The Master of Disguise
review by Elias Savada, 2 August 2002

You know that horrible mouth and sick-to-your-head feeling you awake with the morning after a evening of drinking and carousing? After ten long minutes of The Master of Disguise, you'll beg for another vomitous night on the town instead of having to suffer through the remaining laughless parade of skittish disguises and classic-movie tributes (The Godfather, The Exorcist, and Jaws) so lamely mauled. The production notes say this film runs eighty minutes; it felt like an agonizing lifetime. An obvious contender, with the equally uninspired Kung Pow, for most the year's top ten-worst lists, this is an endless squirm fest of slow-witted, flatulence-filled humor, suitable for only children of very young ages -- those whose film-going memory won't begrudge their parents years later.

Let's play with the movie's tagline, while we're getting nasty. 1000 Faces…and not a single clue.  Hmmm, how about Feels like a 1000 Minutes…and not a single laugh. Maybe the folks who create those Mad Libs books can add a page, 1000 (plural noun) and not a single (noun, pick an obvious antonym).

Now maybe the creators of this nonsense, SNL-alum Dana Carvey, starring opposite himself in various mawkish roles (including his trademark President Bush fils), and Canadian-born stand-up comic/writer Harris Goldberg (Deuce Bigalow: Male Gigolo) being among the chief culprits, were trying to slap something together they felt every family could adore. Wrong. The writers' insipid meanderings of a man/child with a thousand faces, and the horrifying contempt the filmmaker (production designer Perry Andelin Blake, in a truly uninspired directorial debut) pushes on the audience, is grounds for corporal punishment. Even the name recognition of Adam Sandler, who served as an executive producer on this Happy Madison Production, won't be enough to salvage this instant relic from oblivion.

Pistachio Disguisey (Carvey) is introduced as an annoying mimic and pasta-klutzy waiter in his parents' Italian restaurant, unaware that his father Frabbrizio (James Brolin) is a descendant from a family working undercover to protect the world from evil. Papa had "retired" after a 1979 near-death experience in Palermo, Italy, where he masqueraded as Bo Derek, still a great 10 after all these years. That episode imprisoned the blandly sinister Devlin Bowman (Brent "Data" Spiner) for more than twenty years, where he perfected the annoying habit of punctuating his semi-dastardly laugh with an self-annoying, girlish toot de derrière. As running gags go, this one goes real flat real fast. Released from prison, the vengeful ex-con masterminds the abduction of Pistachio's parents and forces Grandpa Disguisey (Harold Gould) out of hibernation to transform the nut-named lad into a destiny fighting crime. Gramps does the silly yin-yang, manikin-assisted exercises, training his bumbling, pea-brain grandson in the ways of Energico, a new hot-aired soft drink. Sorry, I'm just getting a little lightheaded here in deconstructing this messterpiece. No, Energico is an invisible, genetically-born power that -- according to the twelth-century Tuscan family pop-up bible -- allows its users to morph into other people or creatures. This doesn't make a whole lot of secret sense as the Disguisey clan seems to often be removing Mission: Impossible latex masks of the not-so-mysterious variety. Oh, and "Who's your daddy," is the lame-brained mantra that's allows you to vanquish foes. Yes, The Master of Disgust, er Disguise is truly one for the books.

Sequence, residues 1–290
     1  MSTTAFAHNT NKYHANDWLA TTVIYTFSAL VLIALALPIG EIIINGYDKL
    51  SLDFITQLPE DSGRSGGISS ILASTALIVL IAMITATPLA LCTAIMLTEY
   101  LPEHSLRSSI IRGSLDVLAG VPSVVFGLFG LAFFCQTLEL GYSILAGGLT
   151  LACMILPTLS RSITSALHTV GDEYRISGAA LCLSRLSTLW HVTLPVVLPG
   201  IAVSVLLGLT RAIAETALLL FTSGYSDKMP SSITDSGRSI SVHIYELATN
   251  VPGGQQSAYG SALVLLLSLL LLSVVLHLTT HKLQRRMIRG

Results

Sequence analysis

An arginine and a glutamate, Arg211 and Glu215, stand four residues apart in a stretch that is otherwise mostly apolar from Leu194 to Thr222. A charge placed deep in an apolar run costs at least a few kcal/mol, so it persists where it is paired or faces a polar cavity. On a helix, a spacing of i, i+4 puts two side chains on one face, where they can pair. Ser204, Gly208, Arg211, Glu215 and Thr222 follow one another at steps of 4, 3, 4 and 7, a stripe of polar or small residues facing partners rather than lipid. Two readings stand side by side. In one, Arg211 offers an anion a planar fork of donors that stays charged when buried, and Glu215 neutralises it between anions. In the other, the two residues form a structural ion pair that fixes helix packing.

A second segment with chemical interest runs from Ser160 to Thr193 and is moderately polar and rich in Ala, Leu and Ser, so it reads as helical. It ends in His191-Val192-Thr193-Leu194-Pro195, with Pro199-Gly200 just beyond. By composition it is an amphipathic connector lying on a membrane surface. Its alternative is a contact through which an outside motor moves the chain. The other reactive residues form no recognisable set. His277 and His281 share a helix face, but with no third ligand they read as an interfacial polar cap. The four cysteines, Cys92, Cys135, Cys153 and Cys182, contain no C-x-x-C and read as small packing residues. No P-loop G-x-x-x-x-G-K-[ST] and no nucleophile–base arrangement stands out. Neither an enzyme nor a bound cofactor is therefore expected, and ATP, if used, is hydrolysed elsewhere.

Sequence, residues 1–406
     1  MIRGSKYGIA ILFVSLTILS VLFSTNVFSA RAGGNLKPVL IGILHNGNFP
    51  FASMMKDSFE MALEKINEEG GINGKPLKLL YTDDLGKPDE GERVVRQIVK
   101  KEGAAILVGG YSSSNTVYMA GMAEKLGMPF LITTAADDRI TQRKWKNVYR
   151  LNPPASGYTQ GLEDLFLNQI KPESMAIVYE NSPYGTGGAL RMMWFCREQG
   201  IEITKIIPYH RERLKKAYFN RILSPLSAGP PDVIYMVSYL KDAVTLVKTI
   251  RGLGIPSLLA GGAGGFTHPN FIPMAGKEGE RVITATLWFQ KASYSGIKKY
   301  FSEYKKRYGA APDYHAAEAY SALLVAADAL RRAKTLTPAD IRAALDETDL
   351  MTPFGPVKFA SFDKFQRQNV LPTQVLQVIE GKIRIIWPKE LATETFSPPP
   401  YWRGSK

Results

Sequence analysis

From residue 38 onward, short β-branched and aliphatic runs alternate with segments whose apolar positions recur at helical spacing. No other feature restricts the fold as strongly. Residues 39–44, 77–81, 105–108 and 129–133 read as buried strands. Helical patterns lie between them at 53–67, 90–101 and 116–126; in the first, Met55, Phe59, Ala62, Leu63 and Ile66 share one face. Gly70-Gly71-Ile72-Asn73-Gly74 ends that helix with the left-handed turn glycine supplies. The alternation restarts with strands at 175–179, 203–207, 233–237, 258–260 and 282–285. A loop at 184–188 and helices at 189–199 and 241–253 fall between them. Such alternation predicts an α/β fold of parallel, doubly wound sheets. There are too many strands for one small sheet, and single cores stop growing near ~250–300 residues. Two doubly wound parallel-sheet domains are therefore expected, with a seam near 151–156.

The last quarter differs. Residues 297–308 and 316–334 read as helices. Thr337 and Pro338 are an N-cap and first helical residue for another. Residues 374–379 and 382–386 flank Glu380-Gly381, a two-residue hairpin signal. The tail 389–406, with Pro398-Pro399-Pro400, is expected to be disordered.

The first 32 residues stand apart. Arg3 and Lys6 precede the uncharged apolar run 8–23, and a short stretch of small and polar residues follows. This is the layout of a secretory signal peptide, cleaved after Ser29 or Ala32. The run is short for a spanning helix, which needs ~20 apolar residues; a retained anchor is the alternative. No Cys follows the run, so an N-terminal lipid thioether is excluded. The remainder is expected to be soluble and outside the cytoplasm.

While sonny boy is immersing himself in the ways of the crime-fighting family business, Bowman forces Frabbrizio, under a most boring excuse, to execute such paper-thin thefts of the U.S. Constitution (poor Michael Johnson), the Liberty Bell (poor uncredited Jesse Ventura), and the Apollo Lunar Module (poor Jessica Simpson), which the madman plans to auction off, along with Bruce Willis' hairpiece from Die Hard II, on a black market ebay. Honest.

Somewhere amongst the rest of the cast are Spin City's Jennifer Esposito as a tush-challenged gal with a spill-a-minute skateboarding son (Austin Wolff). Ditsy Edie McClurg doesn't get enough screen time as Mama Disguisey to showcase how marvelous a comedienne she truly is. Just watch Ferris Bueller's Day Off and you'll see what I mean.

When the filmmakers craft a movie such an unappealing movie like this, at least the opening titles and most horribly in much of the trailer, as if the audience should expect something as wizardly inspired as Harry Potter, it could be time for the Federal Trade Commission to start a fraud investigation. Viewers are instead offered up fat-bottom obsessions, a ocean of pretentiousness, and pomposity on the far side of nauseating. You'll get very angry, very fast. Critics will pan this movie in droves. Audiences will be hankering to lynch somebody for unleashing this disjointed mix of pabulum, low-quality trash, and unimaginative fantasy on the public. The Master of Diguise is this year's first truly stillborn comedy.

Directed by:
Perry Andelin Blake

Dana Carvey
Brent Spiner
Jennifer Esposito
Harold Gould
James Brolin
Maria Canals
Mark Devine
Edie McClurg
Austin Wolff

Written by:
Dana Carvey
Harris Goldberg

PG - Parental Guidance 
Some material may
not be appropriate 
for children





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